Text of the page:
Mar
20
2018
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Percona Blog Poll: What Percona Software Are You Using?

Percona Software

Percona SoftwareThis blog post contains a poll that helps us find out what Percona software the open source database community is using.

Nearly 20 years ago, Netscape released the source code for its Netscape Communicator web browser. This marked one of the biggest moments in “open source” history. The formation of The Open Source Initiative happened shortly after that. Bruce Perens, one of the working group’s founders, adapted his Free Software Guidelines as the official Open Source Definition.

Since then, open source software has gone from being the exception in large projects and enterprises, to being a normal part of huge deployments and daily business activities. Open source software is used by some of the biggest online companies: Facebook, YouTube, Twitter, etc. Many of these companies depend on open source software as part of their business model.

Percona’s mission is to champion unbiased open source database solutions. As part of this mission, we provide open source software, completely free of charge and for reuse. We developed our Percona Server for MySQL and Percona Server for MongoDB solutions to not only be drop-in replacements for existing open source software, but often incorporate “enterprise” features from upstream.

We’ve also recognized a need for a database clustering and backup solutions, and created Percona XtraDB Cluster and Percona XtraBackup to address those concerns.

Beyond database software, Percona has created management and monitoring tools like Percona Monitoring and Management that not only help DBAs with day-to-day tasks, but also use metrics to find out how best to configure, optimize and architect a database environment to best meet the needs of applications and websites.

What we’d like to know is which of our software products are you currently using in your database environment? Are you using just database software, just management and monitoring tools, or a combination of both? As Percona makes plans for the year, we’d like to know what the community is using, what they find helpful, and how we can best allocate our resources to address those needs. We are always looking for the best ways to invest in and grow the Percona software and tools people use.

Complete the survey below by selecting all the options that apply.

Note: There is a poll embedded within this post, please visit the site to participate in this post’s poll.

Thanks in advance for your responses – this helps us see which of our software is being deployed in the community.

The post Percona Blog Poll: What Percona Software Are You Using? appeared first on Percona Database Performance Blog.

Oct
19
2017
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Percona Blog Poll: How Do You Currently Host Applications and Databases?

Host applications and databases

Host applications and databasesPercona latest blog poll asks how you currently host applications and databases. Select an option below, or leave a comment to clarify your deployment!

With the increased need for environments that respond more quickly to changing business demands, many enterprises are moving to the cloud and hosted deployments for applications and software in order to offload development and maintenance overhead to a third party. The database is no exception. Businesses are turning to using database as a service (DBaaS) to handle their data needs.

DBaaS provides some obvious benefits:

  • Offload physical infrastructure to another vendor. It is the responsibility of whoever is providing the DBaaS service to maintain the physical environment – including hardware, software and best practices.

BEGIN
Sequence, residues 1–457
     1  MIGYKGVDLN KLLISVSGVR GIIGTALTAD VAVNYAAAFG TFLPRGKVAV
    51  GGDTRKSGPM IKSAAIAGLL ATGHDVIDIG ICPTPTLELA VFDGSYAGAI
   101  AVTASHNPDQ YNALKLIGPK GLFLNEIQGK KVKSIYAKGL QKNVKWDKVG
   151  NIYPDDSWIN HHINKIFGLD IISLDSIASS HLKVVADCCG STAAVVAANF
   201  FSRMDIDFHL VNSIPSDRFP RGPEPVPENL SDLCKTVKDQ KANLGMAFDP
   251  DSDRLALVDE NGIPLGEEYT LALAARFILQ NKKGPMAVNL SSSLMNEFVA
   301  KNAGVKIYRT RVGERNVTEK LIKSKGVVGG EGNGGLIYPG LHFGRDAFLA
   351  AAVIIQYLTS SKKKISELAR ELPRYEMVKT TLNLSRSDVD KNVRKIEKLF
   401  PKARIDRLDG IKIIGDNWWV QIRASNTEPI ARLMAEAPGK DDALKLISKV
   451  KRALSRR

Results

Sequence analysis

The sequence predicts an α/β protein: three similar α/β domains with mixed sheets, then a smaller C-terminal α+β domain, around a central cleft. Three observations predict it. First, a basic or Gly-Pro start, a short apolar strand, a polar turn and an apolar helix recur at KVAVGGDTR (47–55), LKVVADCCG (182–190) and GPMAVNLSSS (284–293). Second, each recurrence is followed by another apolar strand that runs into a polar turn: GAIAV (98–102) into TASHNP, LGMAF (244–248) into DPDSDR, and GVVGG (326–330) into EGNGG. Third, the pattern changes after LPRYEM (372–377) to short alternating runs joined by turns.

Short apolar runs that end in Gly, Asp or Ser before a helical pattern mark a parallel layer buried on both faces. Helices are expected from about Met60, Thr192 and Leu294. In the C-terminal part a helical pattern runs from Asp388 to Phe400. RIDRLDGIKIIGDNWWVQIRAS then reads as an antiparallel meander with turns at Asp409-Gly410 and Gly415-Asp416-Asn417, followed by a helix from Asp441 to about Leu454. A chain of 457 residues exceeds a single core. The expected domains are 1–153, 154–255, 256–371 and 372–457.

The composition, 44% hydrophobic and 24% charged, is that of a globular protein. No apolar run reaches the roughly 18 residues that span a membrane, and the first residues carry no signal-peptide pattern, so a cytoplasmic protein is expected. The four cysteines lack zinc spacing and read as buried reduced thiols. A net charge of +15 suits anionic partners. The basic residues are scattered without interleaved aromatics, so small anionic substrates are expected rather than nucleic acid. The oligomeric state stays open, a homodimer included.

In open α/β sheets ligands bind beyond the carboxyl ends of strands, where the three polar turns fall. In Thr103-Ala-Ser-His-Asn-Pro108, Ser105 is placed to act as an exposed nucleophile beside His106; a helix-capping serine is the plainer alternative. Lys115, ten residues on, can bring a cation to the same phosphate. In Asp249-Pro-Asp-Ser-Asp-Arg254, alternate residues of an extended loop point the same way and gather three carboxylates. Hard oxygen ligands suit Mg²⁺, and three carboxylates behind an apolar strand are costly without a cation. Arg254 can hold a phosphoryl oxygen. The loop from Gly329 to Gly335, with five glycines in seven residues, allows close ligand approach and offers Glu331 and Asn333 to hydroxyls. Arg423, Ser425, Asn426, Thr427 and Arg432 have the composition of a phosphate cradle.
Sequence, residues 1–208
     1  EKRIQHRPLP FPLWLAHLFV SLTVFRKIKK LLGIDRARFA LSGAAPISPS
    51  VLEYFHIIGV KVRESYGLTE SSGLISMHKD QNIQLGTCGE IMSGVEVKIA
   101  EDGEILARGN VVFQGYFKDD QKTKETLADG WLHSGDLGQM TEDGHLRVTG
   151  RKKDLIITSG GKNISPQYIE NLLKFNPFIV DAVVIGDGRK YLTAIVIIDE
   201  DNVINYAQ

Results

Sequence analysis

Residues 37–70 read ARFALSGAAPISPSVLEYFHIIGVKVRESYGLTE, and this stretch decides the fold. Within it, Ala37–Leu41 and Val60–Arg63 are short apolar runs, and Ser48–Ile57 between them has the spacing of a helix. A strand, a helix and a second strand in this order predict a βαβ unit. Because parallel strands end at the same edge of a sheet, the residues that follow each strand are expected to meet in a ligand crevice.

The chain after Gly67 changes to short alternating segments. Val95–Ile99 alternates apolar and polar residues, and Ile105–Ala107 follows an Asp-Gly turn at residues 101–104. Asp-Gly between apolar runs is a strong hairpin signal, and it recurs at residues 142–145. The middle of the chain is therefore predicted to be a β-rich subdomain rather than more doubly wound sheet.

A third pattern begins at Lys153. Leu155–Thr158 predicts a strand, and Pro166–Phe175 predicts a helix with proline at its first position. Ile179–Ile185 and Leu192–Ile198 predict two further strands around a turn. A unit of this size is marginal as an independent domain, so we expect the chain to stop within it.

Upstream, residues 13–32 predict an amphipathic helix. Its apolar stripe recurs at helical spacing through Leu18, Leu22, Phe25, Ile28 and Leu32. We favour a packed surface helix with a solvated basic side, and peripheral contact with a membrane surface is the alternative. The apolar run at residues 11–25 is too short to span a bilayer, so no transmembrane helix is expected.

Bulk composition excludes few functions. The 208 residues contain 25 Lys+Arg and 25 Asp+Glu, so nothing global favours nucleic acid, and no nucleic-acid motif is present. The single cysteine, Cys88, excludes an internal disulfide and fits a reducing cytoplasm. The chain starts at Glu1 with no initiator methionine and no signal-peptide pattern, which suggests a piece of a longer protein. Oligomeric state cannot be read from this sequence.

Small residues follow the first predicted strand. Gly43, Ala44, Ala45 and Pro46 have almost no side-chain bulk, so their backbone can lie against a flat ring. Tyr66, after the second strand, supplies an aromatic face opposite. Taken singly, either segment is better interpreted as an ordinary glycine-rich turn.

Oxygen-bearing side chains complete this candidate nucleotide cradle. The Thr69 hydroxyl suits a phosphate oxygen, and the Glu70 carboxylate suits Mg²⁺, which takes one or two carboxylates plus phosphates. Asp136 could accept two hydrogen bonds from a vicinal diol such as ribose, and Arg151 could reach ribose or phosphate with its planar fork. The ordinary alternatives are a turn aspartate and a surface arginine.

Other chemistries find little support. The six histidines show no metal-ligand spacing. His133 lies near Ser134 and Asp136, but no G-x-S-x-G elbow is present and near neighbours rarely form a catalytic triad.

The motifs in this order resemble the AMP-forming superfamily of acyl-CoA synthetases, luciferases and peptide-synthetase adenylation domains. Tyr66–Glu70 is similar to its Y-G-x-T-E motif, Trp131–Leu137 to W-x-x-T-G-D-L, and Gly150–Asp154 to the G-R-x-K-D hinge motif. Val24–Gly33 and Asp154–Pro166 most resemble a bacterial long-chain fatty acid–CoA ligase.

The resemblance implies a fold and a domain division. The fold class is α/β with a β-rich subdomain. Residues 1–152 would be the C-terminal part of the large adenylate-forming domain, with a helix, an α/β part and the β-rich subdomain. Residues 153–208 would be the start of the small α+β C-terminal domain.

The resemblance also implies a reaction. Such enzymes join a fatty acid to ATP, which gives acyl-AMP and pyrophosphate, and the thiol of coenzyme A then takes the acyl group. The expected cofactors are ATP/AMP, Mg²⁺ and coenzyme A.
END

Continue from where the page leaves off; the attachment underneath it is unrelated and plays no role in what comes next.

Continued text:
• Scalability. You can add or subtract capacity as needed by just contacting your vendor. Have a big event on the horizon? Order more servers!
  • Expense. Since you no longer have shell out for operational costs or infrastructure upgrades (all handled by the vendor now), you can reduce capital and operation expenses – or at least reasonably plan on what they are going to be.

There are some potential disadvantages to a DBaaS as well:

  • Network performance issues. If your database is located off-premises, then it can be subject to network issues (or outages) that are beyond your control. These can translate into performance problems that impact the customer experience.
  • Loss of visibility. It’s harder (though not impossible) to always know what is happening with your data. Decisions around provisioning, storage and architecture are now in the hands of a third party.
  • Security and compliance. You are no longer totally in control of how secure or compliant your data is when using a DBaaS. This can be crucial if your business requires certain standards to operate in your market (healthcare, for example).

How are you hosting your database? On-premises? In the cloud? Which cloud? Is it co-located? Please answer using the poll below. Choose up to three answers. If you don’t see your solutions, use the comments to explain.

Note: There is a poll embedded within this post, please visit the site to participate in this post’s poll.

Thanks in advance for your responses – they will help the open source community determine how databases are being hosted.

Sep
15
2017
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Percona Blog Poll Results: What Database Engine Are You Using to Store Time Series Data?

TIme Series Data

TIme Series DataIn this blog post, we talk about the results of Percona’s time series database poll “What Database Engine Are You Using to Store Time Series Data?”

Time series data is some of the most actionable data available when it comes to analyzing trends and making predictions. Simply put, time series data is data that is indexed not just by value, but by time as well – allowing you to view value changes over time as they occur. Obvious uses include the stock market, web traffic, user behavior, etc.

With the increasing number of smart devices in the Internet of Things (IoT), being able to track data over time is more and more important. With time series data, you can measure and make predictions on things like energy consumption, pH values, water consumption, data from environment-aware machines like smart cars, etc. The sensors used in IoT devices and systems generate huge amounts of time-series data.

A couple of months back, we ran a poll on what time series databases were being used by the community. We wanted to quickly report on the results from that poll.

First the results: